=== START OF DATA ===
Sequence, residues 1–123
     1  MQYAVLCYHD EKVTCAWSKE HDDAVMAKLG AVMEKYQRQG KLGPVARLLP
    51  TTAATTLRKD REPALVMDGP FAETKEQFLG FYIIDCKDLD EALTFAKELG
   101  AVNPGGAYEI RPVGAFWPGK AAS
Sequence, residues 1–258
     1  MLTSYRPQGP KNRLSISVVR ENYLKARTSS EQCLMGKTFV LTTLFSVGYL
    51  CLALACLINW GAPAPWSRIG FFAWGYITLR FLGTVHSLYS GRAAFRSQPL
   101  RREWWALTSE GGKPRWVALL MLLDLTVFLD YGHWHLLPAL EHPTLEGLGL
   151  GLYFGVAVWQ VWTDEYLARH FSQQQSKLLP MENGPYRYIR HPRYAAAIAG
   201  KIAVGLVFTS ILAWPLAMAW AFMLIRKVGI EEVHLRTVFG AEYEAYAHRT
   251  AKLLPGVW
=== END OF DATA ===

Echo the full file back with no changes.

Sequence, residues 1–123
     1  MQYAVLCYHD EKVTCAWSKE HDDAVMAKLG AVMEKYQRQG KLGPVARLLP
    51  TTAATTLRKD REPALVMDGP FAETKEQFLG FYIIDCKDLD EALTFAKELG
   101  AVNPGGAYEI RPVGAFWPGK AAS
Sequence, residues 1–258
     1  MLTSYRPQGP KNRLSISVVR ENYLKARTSS EQCLMGKTFV LTTLFSVGYL
    51  CLALACLINW GAPAPWSRIG FFAWGYITLR FLGTVHSLYS GRAAFRSQPL
   101  RREWWALTSE GGKPRWVALL MLLDLTVFLD YGHWHLLPAL EHPTLEGLGL
   151  GLYFGVAVWQ VWTDEYLARH FSQQQSKLLP MENGPYRYIR HPRYAAAIAG
   201  KIAVGLVFTS ILAWPLAMAW AFMLIRKVGI EEVHLRTVFG AEYEAYAHRT
   251  AKLLPGVW